“In the age of globalization, states should give up some sovereignty to world bodies in order to protect their own interests.
Some governments are prepared to give up elements of sovereignty to address the threat of global climate change. Under one such arrangement, the Kyoto Protocol, which runs through 2012, signatories agree to cap specific emissions. What is needed now is a successor arrangement in which a larger number of governments, including the US, China, and India, accept emissions limits or adopt common standards because they recognize that they would be worse off if no country did.
Globalization thus implies that sovereignty is not only becoming weaker in reality, but that it needs to become weaker…. Sovereignty is no longer a sanctuary.”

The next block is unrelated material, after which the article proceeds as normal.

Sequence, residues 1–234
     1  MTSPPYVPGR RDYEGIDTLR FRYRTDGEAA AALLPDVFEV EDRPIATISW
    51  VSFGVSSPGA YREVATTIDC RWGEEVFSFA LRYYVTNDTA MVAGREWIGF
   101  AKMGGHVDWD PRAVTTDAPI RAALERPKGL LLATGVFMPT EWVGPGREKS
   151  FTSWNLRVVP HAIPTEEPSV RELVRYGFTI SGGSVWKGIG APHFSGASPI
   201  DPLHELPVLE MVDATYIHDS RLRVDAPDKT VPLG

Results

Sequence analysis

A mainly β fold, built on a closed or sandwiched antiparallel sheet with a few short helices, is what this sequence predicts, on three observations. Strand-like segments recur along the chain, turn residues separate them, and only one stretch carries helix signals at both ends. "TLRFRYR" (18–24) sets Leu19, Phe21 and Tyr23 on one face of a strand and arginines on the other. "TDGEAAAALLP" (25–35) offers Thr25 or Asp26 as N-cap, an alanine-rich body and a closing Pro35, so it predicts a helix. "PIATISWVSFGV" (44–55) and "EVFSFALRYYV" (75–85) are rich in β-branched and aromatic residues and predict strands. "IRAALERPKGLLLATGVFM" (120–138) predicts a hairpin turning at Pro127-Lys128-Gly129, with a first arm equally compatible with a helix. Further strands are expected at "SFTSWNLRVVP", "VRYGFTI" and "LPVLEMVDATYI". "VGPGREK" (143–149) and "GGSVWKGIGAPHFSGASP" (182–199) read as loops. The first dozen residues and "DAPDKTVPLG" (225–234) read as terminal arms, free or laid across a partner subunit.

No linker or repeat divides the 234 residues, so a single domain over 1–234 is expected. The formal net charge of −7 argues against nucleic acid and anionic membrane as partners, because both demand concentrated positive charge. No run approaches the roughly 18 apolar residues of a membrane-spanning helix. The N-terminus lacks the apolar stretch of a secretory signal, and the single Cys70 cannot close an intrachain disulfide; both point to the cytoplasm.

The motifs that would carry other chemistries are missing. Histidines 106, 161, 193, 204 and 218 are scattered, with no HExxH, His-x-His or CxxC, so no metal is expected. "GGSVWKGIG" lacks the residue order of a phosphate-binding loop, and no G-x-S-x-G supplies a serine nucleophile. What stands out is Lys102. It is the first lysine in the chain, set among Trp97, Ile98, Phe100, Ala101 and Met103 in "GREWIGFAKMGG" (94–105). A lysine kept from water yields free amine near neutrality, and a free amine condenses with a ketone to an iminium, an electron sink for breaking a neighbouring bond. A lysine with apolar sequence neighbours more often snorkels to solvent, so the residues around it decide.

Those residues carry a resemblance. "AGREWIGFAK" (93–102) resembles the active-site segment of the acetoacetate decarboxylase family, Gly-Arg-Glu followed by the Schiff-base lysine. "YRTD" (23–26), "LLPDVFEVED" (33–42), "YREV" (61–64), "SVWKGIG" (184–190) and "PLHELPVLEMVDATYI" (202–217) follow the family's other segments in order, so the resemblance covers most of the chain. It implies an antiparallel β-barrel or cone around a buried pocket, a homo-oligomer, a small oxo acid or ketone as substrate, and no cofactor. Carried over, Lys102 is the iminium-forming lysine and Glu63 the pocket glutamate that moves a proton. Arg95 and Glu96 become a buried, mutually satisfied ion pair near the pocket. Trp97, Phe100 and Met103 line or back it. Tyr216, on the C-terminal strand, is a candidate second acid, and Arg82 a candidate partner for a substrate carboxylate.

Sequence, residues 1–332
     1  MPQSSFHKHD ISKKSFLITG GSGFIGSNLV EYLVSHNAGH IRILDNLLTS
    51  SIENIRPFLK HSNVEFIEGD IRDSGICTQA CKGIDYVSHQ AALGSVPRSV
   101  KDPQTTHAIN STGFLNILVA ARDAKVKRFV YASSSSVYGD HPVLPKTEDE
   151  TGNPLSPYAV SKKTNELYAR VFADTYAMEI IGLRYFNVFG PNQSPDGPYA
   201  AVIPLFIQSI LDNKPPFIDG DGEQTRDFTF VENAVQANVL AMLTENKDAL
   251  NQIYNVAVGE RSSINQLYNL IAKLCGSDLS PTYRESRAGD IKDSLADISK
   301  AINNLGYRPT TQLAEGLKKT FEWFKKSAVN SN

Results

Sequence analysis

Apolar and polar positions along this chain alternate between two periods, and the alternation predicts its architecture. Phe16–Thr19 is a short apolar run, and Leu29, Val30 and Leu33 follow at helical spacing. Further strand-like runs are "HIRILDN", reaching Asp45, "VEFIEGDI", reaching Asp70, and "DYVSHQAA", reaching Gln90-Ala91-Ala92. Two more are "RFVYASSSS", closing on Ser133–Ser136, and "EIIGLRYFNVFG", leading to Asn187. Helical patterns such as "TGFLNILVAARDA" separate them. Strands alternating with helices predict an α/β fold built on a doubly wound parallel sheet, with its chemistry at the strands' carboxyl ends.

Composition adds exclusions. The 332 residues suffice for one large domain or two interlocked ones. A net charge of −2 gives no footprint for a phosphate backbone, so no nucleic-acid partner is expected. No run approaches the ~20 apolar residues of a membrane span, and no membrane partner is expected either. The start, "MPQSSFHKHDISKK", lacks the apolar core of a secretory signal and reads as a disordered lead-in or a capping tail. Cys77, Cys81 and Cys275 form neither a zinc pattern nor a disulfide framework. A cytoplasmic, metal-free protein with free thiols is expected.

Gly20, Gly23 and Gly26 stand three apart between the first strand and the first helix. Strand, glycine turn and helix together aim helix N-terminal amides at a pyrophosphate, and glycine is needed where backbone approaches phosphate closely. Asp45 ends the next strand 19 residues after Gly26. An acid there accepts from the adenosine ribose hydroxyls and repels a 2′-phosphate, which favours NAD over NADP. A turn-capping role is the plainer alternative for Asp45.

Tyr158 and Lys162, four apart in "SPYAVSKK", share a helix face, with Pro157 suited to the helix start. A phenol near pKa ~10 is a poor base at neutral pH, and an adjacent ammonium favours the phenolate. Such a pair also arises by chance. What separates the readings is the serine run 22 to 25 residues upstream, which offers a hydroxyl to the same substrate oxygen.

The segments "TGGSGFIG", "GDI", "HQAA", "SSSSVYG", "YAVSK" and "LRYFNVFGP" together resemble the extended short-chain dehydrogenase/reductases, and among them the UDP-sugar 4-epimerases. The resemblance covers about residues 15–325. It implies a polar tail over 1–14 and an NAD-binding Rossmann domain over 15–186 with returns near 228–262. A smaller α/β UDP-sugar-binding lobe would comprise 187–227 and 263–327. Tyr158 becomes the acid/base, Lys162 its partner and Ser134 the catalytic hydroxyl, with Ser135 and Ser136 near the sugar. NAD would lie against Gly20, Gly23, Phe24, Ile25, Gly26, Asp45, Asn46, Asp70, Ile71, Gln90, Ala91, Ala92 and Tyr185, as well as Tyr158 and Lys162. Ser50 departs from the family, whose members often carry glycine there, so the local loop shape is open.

- 1. The success of appealing to examples of commerce and “global climate change” shows that the world State plan can, on the one hand, be legitimized as a unified response to problems of an international scale and, on the other hand, in itself supports an alarmist trend regarding nonexistent problems in order to legitimize itself by false and fraudulent means. In 2006 the slogan “global warming” still might have looked like a friendly warning. Two years later, not only do thousands of scientists openly contest this dogma, but even school children are capable of debunking the legend foisted on the world by the billionaire campaign in which ex-vice President Al Gore serves as the poster boy.